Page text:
Venture capitalists have shown a healthy appetite for the automotive assistance market — i.e., those connecting drivers with providers that can change a tire, tow a vehicle, jump-start a battery, or unlock a car door. Statista pegs the segment’s overall revenue at $481 million this year — up 26.1 percent year over year — and projects that it’ll reach $827 million by 2023.
Urgent.ly is one of the companies leading the charge. The Vienna, Virginia-based startup, which was founded by Ric Fleisher, Surendra Goel, Luke Kathol, Lokesh Kumar, Rick Robinson, and Chris Spanos in 2013, offers a digital-first roadside assistance service that’s available 24/7. Over 200,000 drivers have signed up directly, in addition to millions who’ve accessed the Urgent.ly network through integrations with mapping and connected car platforms like Volvo Roadside Plus, Roadside Assistance, Uber, and DriveMode. Building on that impressive momentum, Urgent.ly today announced that it has raised $21 million in a Series B funding round.
Three top auto brands — BMW Group through its i Ventures fund, Jaguar Land Rover through InMotion Ventures, and Porsche through Porsche Ventures — participated in the oversubscribed round, which had the support of existing investors, including American Tire Distributors, the largest tire distributor in North America. The round follows a $10 million Series B in October 2017 and a $7 million Series A in September 2015 and brings the total raised to $39.7 million.
The fresh capital will be used to fuel “world-class customer experiences,” Spanos said, and to position the roughly 120-person strong Urgent.ly for growth as it teams up with BMW Group to integrate its service with the latter’s BMW Assist offering. Urgent.ly’s been selected as the vendor partner to provide roadside assistance to owners of all four of the automaker’s brands in the U.S.: BMW, BMW Motorrad, Mini, and Rolls-Royce Motor Cars.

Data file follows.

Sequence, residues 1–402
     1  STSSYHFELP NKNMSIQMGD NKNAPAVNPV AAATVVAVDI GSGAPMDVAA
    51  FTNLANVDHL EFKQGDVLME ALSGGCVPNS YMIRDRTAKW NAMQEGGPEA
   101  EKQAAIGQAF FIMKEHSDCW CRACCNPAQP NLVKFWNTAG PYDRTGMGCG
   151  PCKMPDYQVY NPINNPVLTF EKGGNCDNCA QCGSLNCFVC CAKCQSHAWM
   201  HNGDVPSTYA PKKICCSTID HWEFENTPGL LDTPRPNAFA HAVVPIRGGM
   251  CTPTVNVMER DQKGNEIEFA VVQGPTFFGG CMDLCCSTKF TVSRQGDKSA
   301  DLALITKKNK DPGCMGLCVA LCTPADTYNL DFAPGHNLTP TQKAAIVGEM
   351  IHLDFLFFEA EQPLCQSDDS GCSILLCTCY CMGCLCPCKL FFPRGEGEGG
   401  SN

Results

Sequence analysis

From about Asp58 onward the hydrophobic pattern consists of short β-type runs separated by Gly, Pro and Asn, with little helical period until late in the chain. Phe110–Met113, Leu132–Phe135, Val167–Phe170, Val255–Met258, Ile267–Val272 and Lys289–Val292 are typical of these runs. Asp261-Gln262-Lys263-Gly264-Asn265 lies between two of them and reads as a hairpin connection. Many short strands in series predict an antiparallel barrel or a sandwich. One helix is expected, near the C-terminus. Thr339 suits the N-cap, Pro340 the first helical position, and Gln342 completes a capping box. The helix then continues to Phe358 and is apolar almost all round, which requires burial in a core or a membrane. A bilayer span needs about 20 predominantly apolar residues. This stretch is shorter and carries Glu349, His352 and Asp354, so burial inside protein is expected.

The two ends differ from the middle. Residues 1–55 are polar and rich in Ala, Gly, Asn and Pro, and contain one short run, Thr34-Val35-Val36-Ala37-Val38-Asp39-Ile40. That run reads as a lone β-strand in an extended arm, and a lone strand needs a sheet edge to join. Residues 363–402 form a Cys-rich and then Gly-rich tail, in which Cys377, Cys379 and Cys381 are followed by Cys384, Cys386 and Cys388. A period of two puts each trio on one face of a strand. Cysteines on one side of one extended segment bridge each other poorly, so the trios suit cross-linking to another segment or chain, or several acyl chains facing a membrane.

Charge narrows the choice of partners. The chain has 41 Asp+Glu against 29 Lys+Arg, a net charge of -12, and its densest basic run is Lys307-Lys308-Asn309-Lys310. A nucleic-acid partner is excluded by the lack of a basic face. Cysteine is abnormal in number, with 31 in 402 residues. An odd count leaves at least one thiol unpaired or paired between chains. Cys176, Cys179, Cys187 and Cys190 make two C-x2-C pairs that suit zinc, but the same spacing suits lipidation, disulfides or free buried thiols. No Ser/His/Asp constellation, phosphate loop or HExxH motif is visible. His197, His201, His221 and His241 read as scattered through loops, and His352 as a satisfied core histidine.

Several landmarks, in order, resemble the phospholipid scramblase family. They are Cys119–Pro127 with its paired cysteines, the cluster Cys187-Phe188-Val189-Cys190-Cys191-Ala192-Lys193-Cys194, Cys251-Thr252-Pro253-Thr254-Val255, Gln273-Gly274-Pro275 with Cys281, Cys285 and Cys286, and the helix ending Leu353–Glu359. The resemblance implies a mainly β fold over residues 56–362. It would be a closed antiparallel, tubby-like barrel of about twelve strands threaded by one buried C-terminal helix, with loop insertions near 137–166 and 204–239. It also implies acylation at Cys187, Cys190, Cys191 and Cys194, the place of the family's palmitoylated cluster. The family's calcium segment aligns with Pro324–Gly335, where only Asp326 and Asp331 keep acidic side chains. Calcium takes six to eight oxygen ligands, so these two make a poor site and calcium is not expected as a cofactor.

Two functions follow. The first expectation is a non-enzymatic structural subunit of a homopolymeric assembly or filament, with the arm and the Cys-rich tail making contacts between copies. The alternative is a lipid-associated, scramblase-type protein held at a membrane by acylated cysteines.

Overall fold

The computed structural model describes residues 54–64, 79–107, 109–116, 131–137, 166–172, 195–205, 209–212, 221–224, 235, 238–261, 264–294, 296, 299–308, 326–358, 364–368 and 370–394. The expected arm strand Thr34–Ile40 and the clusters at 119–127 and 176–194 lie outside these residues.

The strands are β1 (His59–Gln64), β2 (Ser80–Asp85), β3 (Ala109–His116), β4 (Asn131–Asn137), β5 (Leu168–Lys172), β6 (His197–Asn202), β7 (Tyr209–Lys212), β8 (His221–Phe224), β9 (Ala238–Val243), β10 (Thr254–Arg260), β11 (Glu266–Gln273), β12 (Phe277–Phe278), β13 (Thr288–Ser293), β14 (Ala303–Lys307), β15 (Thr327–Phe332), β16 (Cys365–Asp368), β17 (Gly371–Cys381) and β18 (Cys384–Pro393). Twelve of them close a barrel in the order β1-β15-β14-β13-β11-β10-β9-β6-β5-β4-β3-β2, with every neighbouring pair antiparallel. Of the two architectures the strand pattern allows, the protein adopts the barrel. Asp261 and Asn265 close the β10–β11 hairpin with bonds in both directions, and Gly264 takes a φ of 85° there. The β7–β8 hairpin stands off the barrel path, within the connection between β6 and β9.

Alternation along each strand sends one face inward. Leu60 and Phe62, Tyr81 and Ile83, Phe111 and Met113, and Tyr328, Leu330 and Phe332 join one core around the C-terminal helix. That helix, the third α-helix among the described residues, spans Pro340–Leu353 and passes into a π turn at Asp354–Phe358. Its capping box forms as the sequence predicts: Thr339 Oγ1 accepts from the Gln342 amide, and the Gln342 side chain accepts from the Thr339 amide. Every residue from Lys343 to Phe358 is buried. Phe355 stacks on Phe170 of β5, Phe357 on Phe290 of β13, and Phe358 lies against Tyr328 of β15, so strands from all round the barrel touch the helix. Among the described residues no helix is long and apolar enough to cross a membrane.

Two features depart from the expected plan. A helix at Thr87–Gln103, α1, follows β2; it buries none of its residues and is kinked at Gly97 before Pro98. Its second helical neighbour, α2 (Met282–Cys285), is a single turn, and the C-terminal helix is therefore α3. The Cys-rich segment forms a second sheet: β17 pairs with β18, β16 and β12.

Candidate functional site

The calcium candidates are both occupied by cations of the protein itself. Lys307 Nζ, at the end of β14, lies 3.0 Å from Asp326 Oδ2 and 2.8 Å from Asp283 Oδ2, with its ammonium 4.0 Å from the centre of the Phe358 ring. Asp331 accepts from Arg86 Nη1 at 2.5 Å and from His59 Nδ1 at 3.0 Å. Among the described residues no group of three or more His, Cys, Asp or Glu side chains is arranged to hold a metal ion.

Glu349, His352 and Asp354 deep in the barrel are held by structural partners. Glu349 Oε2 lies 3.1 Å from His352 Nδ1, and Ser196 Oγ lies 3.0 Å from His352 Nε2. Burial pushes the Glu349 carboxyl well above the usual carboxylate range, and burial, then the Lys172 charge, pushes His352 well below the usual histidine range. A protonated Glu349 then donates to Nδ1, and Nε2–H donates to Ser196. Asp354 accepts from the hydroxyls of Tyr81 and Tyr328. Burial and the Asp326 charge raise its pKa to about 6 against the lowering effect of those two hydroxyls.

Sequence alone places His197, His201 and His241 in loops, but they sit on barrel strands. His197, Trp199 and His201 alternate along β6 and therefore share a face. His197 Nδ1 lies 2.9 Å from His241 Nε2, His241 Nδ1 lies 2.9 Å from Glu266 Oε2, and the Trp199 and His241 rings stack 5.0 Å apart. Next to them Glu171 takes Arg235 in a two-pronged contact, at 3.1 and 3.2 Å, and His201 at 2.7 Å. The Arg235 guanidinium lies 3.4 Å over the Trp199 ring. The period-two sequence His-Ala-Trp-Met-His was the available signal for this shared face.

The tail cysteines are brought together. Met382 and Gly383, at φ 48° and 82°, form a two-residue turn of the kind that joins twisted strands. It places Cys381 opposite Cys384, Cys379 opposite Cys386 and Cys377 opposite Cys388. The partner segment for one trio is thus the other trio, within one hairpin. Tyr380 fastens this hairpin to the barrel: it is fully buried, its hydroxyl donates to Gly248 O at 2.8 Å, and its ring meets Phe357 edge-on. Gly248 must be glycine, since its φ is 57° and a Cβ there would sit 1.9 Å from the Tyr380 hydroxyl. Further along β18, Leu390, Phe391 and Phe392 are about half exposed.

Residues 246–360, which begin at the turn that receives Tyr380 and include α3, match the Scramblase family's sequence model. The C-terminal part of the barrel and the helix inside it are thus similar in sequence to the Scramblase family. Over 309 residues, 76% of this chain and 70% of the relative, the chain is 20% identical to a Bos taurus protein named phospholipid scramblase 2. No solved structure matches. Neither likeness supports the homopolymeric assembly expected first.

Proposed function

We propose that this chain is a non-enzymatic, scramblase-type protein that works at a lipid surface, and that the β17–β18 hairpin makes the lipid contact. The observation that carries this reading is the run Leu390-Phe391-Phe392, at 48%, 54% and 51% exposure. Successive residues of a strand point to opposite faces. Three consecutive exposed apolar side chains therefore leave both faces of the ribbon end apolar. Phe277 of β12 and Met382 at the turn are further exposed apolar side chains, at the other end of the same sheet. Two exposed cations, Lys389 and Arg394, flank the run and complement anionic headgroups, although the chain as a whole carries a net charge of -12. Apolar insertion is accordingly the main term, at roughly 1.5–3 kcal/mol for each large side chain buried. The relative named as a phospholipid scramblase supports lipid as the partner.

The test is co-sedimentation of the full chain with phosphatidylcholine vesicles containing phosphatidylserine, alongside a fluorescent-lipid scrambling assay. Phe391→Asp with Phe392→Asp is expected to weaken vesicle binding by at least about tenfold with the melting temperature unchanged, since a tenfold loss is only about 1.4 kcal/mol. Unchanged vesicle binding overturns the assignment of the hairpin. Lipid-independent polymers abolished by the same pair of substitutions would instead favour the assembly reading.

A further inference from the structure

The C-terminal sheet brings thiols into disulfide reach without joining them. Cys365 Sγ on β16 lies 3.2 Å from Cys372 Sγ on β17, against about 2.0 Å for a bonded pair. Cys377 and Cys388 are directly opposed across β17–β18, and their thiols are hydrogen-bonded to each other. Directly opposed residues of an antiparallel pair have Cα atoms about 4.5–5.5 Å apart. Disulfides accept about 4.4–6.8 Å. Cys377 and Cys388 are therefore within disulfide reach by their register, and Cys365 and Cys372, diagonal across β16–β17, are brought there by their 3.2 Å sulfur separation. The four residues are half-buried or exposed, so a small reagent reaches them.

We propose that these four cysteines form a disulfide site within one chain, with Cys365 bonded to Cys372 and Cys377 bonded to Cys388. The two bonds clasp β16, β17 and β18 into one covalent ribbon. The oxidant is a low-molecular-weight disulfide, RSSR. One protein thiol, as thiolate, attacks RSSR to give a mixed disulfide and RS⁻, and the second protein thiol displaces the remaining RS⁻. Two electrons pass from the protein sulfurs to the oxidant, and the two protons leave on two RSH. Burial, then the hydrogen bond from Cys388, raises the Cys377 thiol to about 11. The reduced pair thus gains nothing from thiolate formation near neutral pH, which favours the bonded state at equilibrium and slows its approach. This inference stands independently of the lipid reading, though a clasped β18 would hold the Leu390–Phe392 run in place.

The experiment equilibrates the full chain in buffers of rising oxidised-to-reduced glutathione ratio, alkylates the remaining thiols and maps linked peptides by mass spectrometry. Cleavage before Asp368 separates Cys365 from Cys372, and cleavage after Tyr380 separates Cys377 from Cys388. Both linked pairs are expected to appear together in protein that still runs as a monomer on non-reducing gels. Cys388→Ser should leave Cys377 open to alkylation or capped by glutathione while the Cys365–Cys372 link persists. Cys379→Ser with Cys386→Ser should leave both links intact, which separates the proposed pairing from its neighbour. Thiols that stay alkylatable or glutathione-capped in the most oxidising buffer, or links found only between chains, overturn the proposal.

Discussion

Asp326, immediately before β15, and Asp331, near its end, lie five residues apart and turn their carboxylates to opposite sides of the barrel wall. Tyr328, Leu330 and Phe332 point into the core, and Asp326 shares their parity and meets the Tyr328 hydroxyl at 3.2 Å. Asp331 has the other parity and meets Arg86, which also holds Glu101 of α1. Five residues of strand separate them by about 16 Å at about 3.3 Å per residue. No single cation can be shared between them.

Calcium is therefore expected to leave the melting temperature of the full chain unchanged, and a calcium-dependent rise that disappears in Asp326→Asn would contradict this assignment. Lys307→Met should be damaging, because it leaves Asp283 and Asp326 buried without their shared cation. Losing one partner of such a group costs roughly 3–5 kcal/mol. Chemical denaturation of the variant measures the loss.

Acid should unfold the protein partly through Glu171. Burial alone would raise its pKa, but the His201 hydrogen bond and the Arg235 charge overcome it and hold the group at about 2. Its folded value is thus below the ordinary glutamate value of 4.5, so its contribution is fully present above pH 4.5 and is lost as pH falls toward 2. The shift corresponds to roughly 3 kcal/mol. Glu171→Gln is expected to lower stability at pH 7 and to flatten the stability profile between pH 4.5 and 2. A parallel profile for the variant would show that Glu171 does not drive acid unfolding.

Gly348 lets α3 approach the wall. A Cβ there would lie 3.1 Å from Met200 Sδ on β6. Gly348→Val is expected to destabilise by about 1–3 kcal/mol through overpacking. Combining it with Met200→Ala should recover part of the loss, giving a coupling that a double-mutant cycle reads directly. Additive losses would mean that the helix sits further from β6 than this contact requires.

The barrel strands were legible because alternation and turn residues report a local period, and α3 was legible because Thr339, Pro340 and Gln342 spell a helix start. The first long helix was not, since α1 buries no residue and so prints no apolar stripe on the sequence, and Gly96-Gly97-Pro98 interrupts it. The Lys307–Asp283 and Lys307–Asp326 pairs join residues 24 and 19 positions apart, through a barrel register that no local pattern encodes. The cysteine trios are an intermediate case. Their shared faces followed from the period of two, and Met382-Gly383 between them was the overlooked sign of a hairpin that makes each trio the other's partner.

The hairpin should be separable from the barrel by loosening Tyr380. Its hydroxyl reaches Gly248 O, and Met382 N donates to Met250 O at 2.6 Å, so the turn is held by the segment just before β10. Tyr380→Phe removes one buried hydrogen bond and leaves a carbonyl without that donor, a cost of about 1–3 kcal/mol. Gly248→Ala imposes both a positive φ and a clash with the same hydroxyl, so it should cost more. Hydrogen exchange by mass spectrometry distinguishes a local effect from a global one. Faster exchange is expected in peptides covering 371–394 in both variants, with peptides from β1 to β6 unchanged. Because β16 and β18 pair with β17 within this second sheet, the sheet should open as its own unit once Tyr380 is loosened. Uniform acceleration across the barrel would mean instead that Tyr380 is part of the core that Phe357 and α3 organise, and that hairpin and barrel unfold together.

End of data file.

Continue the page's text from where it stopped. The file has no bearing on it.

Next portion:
“We are truly gratified by the support of our investors, including some of the world’s top global automotive brands, as we work to define the future of mobility and roadside assistance experience customers demand and deserve,” said Spanos, who was previously general manager at Repair.com and now serves as Urgent.ly’s CEO. “We look forward to continuing to advance our connected services across the global automotive, insurance, and mobility markets, where we have consistently driven increases in customer satisfaction.”
Urgent.ly’s platform is divided into four core pillars: requests, dispatching, communication, and completion. Customers contact Urgent.ly call center agents digitally or via phone, and those agents optionally send a text that allows them to share their exact GPS location. Then, Urgent.ly’s cloud backend “programmatically” matches the customers with one of 55,000 available service vehicles in the U.S., Canada, and Puerto Rico. Throughout, all parties involved — customers, agents, providers, and even customers’ family members — can chat with one another with real-time tracking. And when the job’s done, dispatch provides both a job-level and aggregate summary.
The model’s a bit like Uber’s, in that roadside assistance crews can see and respond to jobs closest to them, while customers can track providers’ progress and see an estimated time to arrival. Urgent.ly claims it can reduce response time by 50 percent.
Moreover, customers pay only flat-rate pricing, in contrast to auto clubs like AAA that charge a recurring fee.
“The old model of roadside assistance must make way for a modern, more digital approach,” said Kasper Sage, partner at BMW i Ventures. “Urgent.ly will allow OEMs around the world to provide their customers the kind of real-time and connected digital experience they now expect in everything from food delivery to ride sharing. Urgent.ly enables unparalleled transparency connecting dealerships, OEMs, providers, and customers in real time, with actionable data-driven insights to optimize the experience along every step of the way.”